Idenix Pharmaceuticals, Inc. (IDIX) recently announced encouraging initial results from Phase IIb results for the treatment - namely, IDX184 and IDX719 - of the hepatitis C virus (HCV). Some reports about HCV say that it affects more than 170 million people globally, including over 4 million Americans. The global market for an effective treatment could reach as high as $100 billion by the year 2020.
HCV infects people who come in contact with contaminated blood that carries the virus, and is one of the main causes of chronic liver disease, which may end up as liver cancer. The result is also an increase in the number of liver transplants for people who contract the disease. The present treatment, which includes injections of the drug interferon alpha, cannot be tolerated by some patients, and can result in side-effects such as fever and depression.
Experts in the field say that this is a landmark moment in the treatment of HCV, because these results show that it is possible to treat the disease without using interferon. There is potential that these two drugs, with complementary profiles, can be given orally and eradicate the virus. The stage has been set for devising a treatment for effecting a complete cure among a large number of people. Experts also feel that the IDX 184 drug from Idenix can be used as a patch, and may overcome its deficiencies if it is combined with another potent drug such as Merck's (MRK) MK-5172/Victrelis (boceprevir), which has already been approved by the FDA.
With so many companies developing and testing treatments for HCV, it is worth our time to briefly survey the current developments. Idenix itself has produced some encouraging news about clinical trials for one of its new hepatitis C drug treatments, IDX719. The study measured a number of things, including the interaction between patient safety and food, and the effectiveness of the drug treatment.
In all, 40 volunteer patients took part in the trial, of which eight were given IDX 719. The volunteers reacted well to the drug, and have provided the company with positive feedback so that the trials can be continued. The company has also planned to begin trials with a combination of IDX 719 and IDX 184 towards the end of this year. Meanwhile, clinical trials on both drugs will continue to enable the company to gather as much data as possible before applying for FDA approval.
So many big companies are now involved in developing and testing drugs for HCV, that investors are asking whether they should invest in smaller companies, like Idenix, or look to larger pharmaceutical companies. Obviously, with the successful clinical trials to date, Idenix has to be taken seriously, but it may be appropriate to examine what the competition is doing. HCV drugs have recently become popular with investors because of the size of the potential market and the problems with the existing treatments for the disease. A successful treatment that would kill the virus, or at least keep it dormant, will help millions of people, and be extremely profitable for the company concerned.
Abbott Laboratories (ABT) has recently provided information on its pipeline drugs. Two short studies have shown recovery rates that are significant among the participants. The studies showed cure rates of 95% and 93%, respectively, for patients taking other HCV treatments, and 47% of patients not taking any other treatments. A cure rate refers to stopping or slowing down the spread of the virus, though the damage the virus has already caused cannot be reversed with these drugs. The company has started Phase II clinical trials, and will proceed to Phase III clinical trials before applying for FDA approval to manufacture and sell the drug treatment.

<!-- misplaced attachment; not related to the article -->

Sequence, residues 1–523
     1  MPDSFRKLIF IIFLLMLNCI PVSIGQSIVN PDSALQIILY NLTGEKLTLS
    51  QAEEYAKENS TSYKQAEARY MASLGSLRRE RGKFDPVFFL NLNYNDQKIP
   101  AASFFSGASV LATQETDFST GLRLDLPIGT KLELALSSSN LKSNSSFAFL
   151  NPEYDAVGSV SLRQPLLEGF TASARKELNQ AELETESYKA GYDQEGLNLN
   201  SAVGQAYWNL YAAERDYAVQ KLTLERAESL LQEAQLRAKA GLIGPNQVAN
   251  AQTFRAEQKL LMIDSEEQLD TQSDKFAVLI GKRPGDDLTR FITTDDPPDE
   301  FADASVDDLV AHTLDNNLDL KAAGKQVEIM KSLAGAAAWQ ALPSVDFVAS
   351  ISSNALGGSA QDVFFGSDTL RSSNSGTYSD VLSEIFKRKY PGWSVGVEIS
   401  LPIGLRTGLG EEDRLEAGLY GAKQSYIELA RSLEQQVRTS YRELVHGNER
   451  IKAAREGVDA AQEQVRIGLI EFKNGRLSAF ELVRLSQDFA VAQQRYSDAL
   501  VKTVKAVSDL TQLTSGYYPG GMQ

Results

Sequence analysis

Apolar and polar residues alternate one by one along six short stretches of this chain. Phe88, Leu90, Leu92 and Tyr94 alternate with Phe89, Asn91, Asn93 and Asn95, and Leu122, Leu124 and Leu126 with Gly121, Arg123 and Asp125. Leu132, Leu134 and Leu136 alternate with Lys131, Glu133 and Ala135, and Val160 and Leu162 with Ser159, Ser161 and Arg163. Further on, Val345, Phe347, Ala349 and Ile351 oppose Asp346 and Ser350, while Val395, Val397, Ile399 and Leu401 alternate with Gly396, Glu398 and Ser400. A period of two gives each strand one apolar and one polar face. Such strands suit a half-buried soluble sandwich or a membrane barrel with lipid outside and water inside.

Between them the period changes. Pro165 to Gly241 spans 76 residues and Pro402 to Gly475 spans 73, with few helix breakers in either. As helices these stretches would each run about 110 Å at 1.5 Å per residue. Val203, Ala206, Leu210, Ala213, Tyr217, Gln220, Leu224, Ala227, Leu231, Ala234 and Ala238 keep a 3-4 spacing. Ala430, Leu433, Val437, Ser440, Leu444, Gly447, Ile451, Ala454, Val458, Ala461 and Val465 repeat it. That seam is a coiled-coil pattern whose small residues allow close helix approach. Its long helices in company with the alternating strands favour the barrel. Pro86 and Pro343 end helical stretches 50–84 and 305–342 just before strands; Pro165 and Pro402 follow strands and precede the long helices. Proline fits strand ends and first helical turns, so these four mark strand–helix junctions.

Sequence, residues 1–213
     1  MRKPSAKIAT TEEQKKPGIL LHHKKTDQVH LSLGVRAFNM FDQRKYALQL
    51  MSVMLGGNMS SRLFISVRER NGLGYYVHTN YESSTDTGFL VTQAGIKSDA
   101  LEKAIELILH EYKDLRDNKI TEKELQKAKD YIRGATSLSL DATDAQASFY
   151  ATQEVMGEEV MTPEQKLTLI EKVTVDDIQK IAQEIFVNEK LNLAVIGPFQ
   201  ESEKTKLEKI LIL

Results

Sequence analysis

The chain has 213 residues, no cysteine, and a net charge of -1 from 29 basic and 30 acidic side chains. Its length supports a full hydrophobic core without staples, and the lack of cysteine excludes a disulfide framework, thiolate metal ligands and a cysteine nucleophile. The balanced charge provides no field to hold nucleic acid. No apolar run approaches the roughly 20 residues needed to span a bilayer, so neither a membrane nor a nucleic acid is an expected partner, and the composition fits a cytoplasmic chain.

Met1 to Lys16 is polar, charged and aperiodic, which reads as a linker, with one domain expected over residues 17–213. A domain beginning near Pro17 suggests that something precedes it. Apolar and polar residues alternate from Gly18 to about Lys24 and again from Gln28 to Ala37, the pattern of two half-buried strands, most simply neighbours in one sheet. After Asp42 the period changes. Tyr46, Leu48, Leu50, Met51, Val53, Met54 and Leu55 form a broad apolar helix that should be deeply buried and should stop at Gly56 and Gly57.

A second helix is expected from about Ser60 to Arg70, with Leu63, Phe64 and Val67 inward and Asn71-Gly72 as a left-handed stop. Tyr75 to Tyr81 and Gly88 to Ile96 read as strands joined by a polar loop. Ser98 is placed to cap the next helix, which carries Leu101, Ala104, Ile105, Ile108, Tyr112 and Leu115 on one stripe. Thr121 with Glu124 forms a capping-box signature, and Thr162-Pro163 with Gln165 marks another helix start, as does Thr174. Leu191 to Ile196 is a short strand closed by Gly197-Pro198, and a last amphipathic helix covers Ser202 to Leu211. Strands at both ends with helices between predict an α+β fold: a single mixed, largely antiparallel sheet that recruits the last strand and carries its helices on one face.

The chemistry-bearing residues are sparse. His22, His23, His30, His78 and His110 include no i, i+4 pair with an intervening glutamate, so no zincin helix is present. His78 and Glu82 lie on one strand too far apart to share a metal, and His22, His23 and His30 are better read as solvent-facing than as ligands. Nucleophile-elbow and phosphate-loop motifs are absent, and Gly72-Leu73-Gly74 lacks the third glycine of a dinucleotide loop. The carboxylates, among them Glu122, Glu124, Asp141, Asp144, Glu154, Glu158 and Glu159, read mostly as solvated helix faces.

Gilead Sciences (GILD) also has a drug called GS-7977, which it took over when it acquired Pharmasset in late 2011. Gilead, is best known for its HIV drug treatments, Truvada and Viread. This HCV drug could become formidable competition for Index and other companies if it performs well in upcoming clinical trials. Gilead is under pressure, however, as its HIV drug treatments will lose patent protection by the end of the decade, and become vulnerable to low-cost generic producers.
Vertex Pharmaceuticals (VRTX) and Merck, two other companies developing new drug treatments for Hepatitis C, are also powerful competitors, and the recent problems that Vertex has had in respect of its data on Incivek do not take away from the effectiveness of the treatment. Finally, Medivir (MVIRB), working with Johnson & Johnson (JNJ), has reported good results with its drug TMC435. The company conducted a trial that resulted in an 80% 'cure' rate for volunteers who took the drug for 48 weeks and, within 24-weeks post-treatment, the virus disappeared.
Idenix has a robust drug pipeline centered on treatments for HCV. The company is investigating three separate classes of drugs. It has already been successful in developing and launching the licensed hepatitis B drug candidate, Telbivudine. The company has collaborations with other well-known companies, such as Novartis (NVS) and GlaxoSmithKline (GSK). These collaborations have produced several drugs such as IDX375 and IDX136. The company's best chance for a blockbuster is IDX184.
I have never believed that promising biotech investments can be identified with the use of conventional techniques and ratios involving past financial performance. A new blockbuster drug can be a complete game changer for a company. The kind of returns that are possible can easily outweigh the high risk and the process of waiting on FDA approvals. Idenix has a good track record, as well as a stellar product that could be a breakthrough in the potentially enormous HCV treatment market. If you can tolerate the risk of biotech investments, I would strongly recommend buying Idenix now.
Disclosure: I have no positions in any stocks mentioned, and no plans to initiate any positions within the next 72 hours.